Comment: Re: excess rental fees
Bingo, John!  Well-said, particularly the second paragraph.  The "Big Publishers" have become so in part because they've been successful in convincing the "consumers" (we, the conductors and programmers of musical events) that their catalogue has the "best."  Piffle.  Thank heavens most of my pr...
Comment: Re: excess rental fees
I find John's answer fascinating - truly so.  Talk about "lifting the veil" off the business side of publishing (and, to a certain extent, composing, "in this modern age").  In the end, the argument is:  we want to make as much "filthy luchre" as possible, but in the name of having profitable and...
Comment: Re: excess rental fees
I would agree - but the solution lies in the hands of several sets of people.  Obviously, in the free-market capitalist economy of this country, the publisher will charge what "the market will bear" - and that's understandable, if of dubious moral value.  The other solutions, however, are in the ...
Comment: Re: Suggestions for church closing
While I'm sure all these suggestions are lovely (some of which I know), I have to wonder something:   Is this "decommissioning" of the church meaning that the congregation will disband or that the church building itself is what is "disbanded?"  The reason I ask is, the disbanding of a community ...
Comment: Re: The Latin word “quattuor”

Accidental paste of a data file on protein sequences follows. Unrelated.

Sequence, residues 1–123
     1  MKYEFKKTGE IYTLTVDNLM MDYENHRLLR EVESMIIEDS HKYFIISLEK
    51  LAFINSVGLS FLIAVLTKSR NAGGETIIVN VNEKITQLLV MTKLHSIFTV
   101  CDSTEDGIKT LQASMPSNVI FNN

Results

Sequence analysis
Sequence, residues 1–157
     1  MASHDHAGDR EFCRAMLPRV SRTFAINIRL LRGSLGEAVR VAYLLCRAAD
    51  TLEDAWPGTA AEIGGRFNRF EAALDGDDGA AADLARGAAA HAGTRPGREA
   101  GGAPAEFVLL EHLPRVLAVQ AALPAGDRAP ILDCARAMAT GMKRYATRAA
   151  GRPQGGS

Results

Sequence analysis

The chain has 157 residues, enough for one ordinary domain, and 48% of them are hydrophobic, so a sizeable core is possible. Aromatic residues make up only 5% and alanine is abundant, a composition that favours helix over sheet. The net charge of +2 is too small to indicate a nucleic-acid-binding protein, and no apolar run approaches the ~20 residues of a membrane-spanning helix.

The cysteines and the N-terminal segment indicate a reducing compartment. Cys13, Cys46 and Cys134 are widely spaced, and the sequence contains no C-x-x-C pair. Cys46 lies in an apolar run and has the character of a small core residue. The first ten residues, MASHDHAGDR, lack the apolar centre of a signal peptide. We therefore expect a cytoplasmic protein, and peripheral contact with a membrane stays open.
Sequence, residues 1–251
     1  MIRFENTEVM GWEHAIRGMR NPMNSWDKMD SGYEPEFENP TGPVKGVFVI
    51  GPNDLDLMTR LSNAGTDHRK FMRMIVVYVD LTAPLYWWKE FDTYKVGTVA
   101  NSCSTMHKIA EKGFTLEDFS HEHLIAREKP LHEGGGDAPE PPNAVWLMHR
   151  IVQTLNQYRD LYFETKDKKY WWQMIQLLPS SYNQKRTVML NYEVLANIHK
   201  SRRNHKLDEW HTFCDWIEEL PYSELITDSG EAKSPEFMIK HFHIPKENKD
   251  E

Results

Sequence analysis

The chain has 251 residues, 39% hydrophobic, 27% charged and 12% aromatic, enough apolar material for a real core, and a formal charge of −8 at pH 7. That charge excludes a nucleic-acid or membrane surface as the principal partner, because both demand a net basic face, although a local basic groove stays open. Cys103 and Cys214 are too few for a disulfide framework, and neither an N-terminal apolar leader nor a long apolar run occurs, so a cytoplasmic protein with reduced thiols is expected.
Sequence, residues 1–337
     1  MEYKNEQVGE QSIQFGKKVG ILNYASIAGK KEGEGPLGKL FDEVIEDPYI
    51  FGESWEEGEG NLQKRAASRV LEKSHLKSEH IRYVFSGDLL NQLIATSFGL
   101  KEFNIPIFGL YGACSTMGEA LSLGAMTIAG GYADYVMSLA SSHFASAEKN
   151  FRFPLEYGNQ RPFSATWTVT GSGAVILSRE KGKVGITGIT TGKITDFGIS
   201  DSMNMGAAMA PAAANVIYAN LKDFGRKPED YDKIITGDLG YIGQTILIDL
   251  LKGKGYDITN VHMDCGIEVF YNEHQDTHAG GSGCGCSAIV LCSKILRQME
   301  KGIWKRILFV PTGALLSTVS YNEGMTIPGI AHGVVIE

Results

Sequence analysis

Martin - Have to disagree on the assertion that "Latin is not a living language."  Please don't tell the Roman Church - they are developing words to describe or account for modern means of communication, etc., and all official documents of the Church are written in Latin.  Yes, if by "living" you ...
Comment: Re: Dismissing a church soloist
Lucy - Perhaps my point wasn't well-made.  Let me try again.  A young singer/instrumentalist/soloist has many things to learn beyond the issues of technique, etc., and so there are some allowances (within reason) that can be made for them as they become truly professional in the fullest sense - no...
Comment: Re: Dismissing a church soloist
As a singer AND as a director myself, it seems straightforward enough, but requires immense courage, because most of us are (in a favorite phrase of mine) "devout cowards."  IF you have enough reason to dismiss this person, and you do not, you are hurting the choir more and more each rehearsal and...
Comment: Re: CJ Replay: The Frustrated Church Musician
I have to comment, and I know that most of the time my comments in this particular place get no play, but here goes, anyway.   I think, truly, we all suffer from these same emotions, thoughts, reactions as does John - especially if we care.  And what tends to make matters worse, as church musici...
Comment: Re: Victoria O Magnum Mysterium for TTBB?